A great BIG THANK YOU to all who made my 70th (surely some mistake!) birthday such a wonderful occasion. The amount of cards, presents, phone calls and good wishes were quite overwhelming. As you can see from the above Igor worked his magic as usual. Thank you to the pupils and staff of St Thomas More School and St John Fisher School for the huge cards and the videos. The videos were very entertaining and the staff of STM did a very good impersonation of Elvis Presley! My sisters and brothers had planned a big celebration for me that obviously had to be postponed but I don’t feel I missed out. I am truly blessed to have the love and support of so many people.

With every good wish

Fr Michael

Clergy update

I and Fr John have continued to celebrate Mass and pray the Divine Office daily for all parishioners. We have both been telephoning vulnerable and alone parishioners. If you know of any parishioner that would appreciate a call, please let us know. Some meetings such as Diocesan Trustees and School Governors are still being held virtually, funerals are being held at gravesides and a considerable amount of sorting and administration has been achieved during lockdown. Lockdown has provided many opportunities for us all and many people have told me that their gardens have never looked so good. So in spite of lockdown there is plenty to be done. The painting of St Thomas Church and Parish Rooms is now complete and the sound system at Oadby has been completed and tested. So even though we have not seen one another for some weeks we have been kept very busy within our respective presbyteries during lockdown. We continue to pray for you all and hope you continue to pray for us.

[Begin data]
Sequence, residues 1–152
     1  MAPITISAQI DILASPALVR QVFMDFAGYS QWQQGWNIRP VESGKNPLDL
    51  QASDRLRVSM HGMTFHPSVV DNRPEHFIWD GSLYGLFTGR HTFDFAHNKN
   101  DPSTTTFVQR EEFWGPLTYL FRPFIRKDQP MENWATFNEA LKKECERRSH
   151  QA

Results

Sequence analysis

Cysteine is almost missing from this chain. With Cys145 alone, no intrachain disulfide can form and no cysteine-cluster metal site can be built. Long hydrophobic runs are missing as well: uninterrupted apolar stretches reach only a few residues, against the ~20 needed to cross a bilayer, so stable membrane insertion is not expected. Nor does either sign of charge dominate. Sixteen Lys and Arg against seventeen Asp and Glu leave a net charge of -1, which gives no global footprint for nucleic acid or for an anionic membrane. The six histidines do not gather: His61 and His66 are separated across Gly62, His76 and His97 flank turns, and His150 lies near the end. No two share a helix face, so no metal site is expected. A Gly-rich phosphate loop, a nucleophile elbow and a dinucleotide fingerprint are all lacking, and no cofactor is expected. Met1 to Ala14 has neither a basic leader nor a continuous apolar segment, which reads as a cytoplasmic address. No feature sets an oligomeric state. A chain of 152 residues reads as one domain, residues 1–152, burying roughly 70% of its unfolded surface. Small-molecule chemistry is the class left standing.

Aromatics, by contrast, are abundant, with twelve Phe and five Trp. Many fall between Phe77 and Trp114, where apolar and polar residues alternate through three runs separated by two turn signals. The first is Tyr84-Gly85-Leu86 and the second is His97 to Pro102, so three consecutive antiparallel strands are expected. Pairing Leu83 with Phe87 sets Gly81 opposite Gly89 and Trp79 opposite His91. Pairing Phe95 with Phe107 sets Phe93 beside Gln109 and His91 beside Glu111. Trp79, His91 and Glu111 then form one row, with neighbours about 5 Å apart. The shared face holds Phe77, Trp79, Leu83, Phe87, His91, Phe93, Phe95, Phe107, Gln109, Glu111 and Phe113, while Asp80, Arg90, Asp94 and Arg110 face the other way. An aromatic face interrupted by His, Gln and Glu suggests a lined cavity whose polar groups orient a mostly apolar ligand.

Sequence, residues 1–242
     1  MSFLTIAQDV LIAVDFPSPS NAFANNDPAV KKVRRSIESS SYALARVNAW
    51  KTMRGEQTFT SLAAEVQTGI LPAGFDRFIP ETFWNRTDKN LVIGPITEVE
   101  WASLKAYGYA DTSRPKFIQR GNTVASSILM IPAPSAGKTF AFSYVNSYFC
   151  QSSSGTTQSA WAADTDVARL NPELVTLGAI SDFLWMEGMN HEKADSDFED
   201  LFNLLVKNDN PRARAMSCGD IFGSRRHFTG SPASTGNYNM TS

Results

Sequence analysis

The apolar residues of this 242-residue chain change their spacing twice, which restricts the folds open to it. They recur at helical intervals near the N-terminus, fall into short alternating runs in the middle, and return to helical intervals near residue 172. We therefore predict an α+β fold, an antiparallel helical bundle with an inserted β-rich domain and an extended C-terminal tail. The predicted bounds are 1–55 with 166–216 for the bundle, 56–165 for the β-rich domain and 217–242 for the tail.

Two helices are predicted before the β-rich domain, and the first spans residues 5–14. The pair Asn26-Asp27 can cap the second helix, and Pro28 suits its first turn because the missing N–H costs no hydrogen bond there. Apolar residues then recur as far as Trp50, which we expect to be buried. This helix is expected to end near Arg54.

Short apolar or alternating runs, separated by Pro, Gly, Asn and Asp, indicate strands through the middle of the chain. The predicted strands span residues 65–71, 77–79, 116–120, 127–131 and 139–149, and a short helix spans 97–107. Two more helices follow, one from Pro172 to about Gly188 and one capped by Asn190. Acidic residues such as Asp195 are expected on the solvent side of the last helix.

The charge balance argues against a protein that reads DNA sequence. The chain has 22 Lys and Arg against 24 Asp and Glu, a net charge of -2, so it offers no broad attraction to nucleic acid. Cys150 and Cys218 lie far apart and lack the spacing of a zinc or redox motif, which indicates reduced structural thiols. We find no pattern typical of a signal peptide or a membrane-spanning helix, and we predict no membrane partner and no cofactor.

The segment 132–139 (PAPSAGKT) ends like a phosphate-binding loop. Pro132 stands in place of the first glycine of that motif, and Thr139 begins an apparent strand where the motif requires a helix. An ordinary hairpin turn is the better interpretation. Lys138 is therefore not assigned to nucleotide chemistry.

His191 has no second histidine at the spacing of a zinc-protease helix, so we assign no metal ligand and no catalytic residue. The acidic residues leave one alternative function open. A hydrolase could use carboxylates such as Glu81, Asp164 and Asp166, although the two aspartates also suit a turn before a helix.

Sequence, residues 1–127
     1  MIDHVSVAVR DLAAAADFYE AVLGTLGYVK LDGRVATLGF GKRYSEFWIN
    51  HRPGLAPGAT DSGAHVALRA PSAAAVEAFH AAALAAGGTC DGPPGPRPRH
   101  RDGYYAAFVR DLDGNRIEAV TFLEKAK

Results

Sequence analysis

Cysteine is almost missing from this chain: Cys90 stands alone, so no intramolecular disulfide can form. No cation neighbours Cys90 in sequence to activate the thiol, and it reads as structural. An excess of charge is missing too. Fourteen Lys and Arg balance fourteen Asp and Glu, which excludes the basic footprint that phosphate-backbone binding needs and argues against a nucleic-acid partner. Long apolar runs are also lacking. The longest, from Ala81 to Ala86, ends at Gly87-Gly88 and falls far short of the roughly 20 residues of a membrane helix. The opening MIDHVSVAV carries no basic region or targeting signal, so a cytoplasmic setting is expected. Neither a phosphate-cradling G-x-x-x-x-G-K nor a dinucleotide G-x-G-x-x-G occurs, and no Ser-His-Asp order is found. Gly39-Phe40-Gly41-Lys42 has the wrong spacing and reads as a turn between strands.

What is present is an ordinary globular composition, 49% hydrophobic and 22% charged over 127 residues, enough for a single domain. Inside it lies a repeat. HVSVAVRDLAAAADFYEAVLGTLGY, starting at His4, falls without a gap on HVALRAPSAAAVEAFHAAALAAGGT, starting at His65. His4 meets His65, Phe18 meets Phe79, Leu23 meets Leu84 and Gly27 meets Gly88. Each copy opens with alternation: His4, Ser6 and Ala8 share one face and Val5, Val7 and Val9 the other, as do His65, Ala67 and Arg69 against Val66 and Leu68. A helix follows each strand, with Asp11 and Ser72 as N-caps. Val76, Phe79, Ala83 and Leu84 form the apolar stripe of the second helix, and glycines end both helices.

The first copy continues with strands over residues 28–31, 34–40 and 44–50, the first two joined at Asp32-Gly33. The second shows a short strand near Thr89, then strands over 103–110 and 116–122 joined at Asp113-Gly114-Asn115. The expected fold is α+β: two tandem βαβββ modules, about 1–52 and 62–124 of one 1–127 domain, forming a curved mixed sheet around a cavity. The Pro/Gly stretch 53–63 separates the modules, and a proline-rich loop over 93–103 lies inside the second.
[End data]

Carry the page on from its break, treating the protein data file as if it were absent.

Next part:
Words of encouragement from Fr Michael

As many of you know, this Saturday 6th June would have been First Holy Communion Day at St Thomas More Church , Sunday 14th June at Immaculate Conception Church and Confirmation for both parishes would have been on Friday 19th June. The necessary postponement is a sadness not only for the young people and their families but for the whole parish community that we feel very deeply. I have reassured them that these celebrations will eventually take place and they are continuing their preparation at home. Meanwhile I would ask that we keep them in our prayers as we would normally when we would gather as a community at this time.

I have taken the opportunity while the St Thomas More Church is closed to have the Church redecorated and various maintenance tasks carried out. Also the sound system at Immaculate Conception is being upgraded. Both projects should be completed this weekend. Please can I have some volunteers to help move benches at Knighton once the decoration is finished. Please ring me for further details.